Within moments of these articles being read online, there were tweets twisting other tweets, reporting that the Science Museum was doing a ‘climate sceptic’ exhibition. Now, hmmm, thinking about it that could work.  Or it could just be very wierd and confusing. Whatever stand is taken, sceptical, pro or neutral, and whatever those terms mean, it must involve exposure to science and allowing people to discuss and debate as much as possible.

Update on Sunday 28th March:

I just saw a post about this story on the Third Estate blog. It’s criticising the Science Museum for welcoming climate deniers and for aiming to ‘satisfy the interests and needs’ of people of all convictions on climate change. I commented on it, which you can read on that blog or here:

My own blogpost on this story takes a slightly different, still critical, view. An answer to your ‘why a second exhibition?’ is that the first was a small temp display to coincide with COP15 and the one announced is a major £4m permanent-ish programme, not just a new gallery. They haven’t changed tack. Chris Rapley is passionate about communicating the urgent threat of climate disruption and gets a huge amount of stick for using public money for that. The phrasing you’re critical of is unfortunate but I know that they mean by it to fulfil their duty to engage with the widest public. They must welcome everyone, people of varying convictions. Moreover, they’re keen not to preach to the converted but to engage everyone in the science. Rapley’s words have been unfairly twisted by the press accounts, as you can read in my blogpost.

Learning from Australia

9 02 2010

While the media plays out the debate about denial and science in climate change, it is already reaping severe effects for the poorest people in the world. It’s been said that we have 82 months (at time of writing) to arrest the tipping point of irreversible climate change, but that doesn’t account for observations that melting at both the poles and methane emissions from tundra are accelerating faster than predicted. There are some mild causes for hope, such as the warmth speeding up forest growth, and confusingly, that aeroplanes create a cooling atmospheric barrier. But, a radical response is still needed and the causes for hope are either ‘offsets’ or potential ideas. So whilst it’s more urgent than ever to reduce the damage, it’s also time to think much harder about adapting to it. What is the role for museums and heritage in these two forms of action?  I think they can play an exceptional role in connecting and motivating professionals and the public to make positive changes, but that this has been untapped and unrecognised in the UK despite a number of initiatives.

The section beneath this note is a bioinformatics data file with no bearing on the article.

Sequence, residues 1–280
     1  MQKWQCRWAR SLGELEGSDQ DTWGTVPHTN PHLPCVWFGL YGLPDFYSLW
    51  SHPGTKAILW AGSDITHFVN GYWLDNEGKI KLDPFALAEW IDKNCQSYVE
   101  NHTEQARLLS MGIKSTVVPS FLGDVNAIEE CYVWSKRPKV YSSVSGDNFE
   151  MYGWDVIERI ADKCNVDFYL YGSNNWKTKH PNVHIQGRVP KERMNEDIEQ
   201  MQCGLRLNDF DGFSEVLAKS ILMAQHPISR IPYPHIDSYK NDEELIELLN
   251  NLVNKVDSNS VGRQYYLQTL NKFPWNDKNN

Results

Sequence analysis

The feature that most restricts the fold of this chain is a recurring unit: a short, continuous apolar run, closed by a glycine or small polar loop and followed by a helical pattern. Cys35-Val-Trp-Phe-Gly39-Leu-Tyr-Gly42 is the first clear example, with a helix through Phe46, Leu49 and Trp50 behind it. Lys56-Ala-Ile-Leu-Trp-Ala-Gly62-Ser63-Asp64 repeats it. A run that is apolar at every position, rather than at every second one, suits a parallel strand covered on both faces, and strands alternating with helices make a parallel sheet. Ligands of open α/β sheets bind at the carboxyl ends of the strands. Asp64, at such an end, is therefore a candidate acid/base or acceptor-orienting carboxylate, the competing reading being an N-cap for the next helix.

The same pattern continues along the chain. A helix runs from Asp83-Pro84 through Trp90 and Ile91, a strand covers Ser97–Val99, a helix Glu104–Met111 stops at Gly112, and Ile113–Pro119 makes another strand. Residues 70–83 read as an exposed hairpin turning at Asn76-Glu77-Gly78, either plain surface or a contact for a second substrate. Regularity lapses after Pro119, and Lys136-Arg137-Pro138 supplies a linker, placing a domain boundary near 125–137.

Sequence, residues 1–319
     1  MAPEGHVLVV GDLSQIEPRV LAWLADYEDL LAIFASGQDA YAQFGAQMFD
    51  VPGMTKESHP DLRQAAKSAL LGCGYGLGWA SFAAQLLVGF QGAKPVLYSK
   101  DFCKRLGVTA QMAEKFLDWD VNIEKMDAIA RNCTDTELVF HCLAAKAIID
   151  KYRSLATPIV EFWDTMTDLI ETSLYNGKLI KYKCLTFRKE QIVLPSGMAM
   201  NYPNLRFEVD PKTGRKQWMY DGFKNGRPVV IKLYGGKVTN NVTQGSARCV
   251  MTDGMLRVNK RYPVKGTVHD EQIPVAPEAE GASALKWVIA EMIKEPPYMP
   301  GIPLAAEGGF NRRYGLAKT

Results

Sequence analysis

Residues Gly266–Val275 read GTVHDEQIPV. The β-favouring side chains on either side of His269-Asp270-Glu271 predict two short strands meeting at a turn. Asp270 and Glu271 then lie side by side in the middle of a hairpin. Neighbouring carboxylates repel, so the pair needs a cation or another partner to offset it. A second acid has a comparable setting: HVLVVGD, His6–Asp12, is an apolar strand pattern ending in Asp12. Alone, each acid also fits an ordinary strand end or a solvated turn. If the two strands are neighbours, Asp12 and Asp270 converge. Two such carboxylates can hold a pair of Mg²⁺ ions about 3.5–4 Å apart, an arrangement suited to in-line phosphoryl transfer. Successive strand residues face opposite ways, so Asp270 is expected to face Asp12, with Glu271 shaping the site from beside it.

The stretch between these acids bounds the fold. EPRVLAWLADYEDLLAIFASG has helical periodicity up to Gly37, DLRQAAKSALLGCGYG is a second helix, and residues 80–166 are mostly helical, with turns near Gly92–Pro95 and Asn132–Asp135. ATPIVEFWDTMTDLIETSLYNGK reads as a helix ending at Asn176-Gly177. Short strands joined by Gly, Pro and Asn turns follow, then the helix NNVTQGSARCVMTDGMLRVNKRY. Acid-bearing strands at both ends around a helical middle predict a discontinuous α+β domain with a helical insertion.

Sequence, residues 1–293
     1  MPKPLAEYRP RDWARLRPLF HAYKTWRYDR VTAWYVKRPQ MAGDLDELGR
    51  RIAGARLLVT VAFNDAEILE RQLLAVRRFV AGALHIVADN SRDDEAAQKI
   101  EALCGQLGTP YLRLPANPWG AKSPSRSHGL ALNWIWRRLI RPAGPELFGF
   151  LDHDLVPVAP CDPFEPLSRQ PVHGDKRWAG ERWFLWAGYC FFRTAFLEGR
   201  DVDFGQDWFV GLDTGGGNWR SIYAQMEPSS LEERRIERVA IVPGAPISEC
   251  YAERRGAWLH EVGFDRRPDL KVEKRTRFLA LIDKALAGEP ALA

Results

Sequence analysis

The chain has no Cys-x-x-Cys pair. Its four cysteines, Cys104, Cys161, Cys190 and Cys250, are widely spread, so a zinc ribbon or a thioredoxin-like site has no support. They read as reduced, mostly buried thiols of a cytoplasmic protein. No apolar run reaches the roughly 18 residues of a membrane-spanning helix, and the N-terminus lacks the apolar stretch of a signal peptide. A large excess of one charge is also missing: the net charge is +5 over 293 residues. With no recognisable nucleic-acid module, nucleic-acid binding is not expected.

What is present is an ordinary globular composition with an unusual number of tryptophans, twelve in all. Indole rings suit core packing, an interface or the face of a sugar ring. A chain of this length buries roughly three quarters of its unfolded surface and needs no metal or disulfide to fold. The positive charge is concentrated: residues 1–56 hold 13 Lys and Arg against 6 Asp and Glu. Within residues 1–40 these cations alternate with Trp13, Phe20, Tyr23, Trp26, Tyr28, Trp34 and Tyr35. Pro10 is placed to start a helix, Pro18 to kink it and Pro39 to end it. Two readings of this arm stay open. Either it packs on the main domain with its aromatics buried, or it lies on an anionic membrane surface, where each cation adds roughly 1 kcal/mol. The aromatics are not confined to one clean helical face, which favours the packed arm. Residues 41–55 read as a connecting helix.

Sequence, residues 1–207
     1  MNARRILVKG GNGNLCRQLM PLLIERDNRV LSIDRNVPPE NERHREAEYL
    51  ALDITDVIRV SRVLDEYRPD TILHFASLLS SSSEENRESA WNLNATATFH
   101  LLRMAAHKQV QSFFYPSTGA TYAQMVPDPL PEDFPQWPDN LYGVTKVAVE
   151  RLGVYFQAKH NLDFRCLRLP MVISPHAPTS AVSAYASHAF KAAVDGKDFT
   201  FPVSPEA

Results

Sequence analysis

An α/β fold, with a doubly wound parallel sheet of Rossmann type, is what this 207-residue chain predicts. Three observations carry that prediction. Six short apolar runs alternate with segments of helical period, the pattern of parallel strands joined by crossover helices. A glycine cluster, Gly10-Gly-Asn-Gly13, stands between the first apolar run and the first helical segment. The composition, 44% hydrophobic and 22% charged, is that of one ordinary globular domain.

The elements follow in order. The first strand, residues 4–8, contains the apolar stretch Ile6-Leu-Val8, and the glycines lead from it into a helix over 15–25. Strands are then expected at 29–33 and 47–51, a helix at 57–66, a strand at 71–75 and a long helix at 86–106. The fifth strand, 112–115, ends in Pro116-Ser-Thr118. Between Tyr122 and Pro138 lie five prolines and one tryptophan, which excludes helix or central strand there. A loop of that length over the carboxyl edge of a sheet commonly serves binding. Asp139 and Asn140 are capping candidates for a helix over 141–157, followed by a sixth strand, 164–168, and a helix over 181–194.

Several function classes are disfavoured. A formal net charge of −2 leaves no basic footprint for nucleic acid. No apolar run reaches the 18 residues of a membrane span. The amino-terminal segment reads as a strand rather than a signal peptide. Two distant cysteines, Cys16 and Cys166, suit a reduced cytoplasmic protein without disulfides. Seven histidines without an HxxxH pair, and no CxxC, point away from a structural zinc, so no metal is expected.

The DCMS has a Sustainability Plan (2008-2011), with a working group and research by Arup on the impact of climate change. Alongside, English Heritage, National Trust, Royal Parks and CABE are developing research and public projects, and the Science Museum, Royal Academy and Tate are amongst others modelling sustainable operations.  However, given the situation, there is an inadequate breadth and holistic thinking in this response. For example, ARUP’s questionnaire assumes that all DCMS bodies are based in a physical site and focuses on local climate impacts.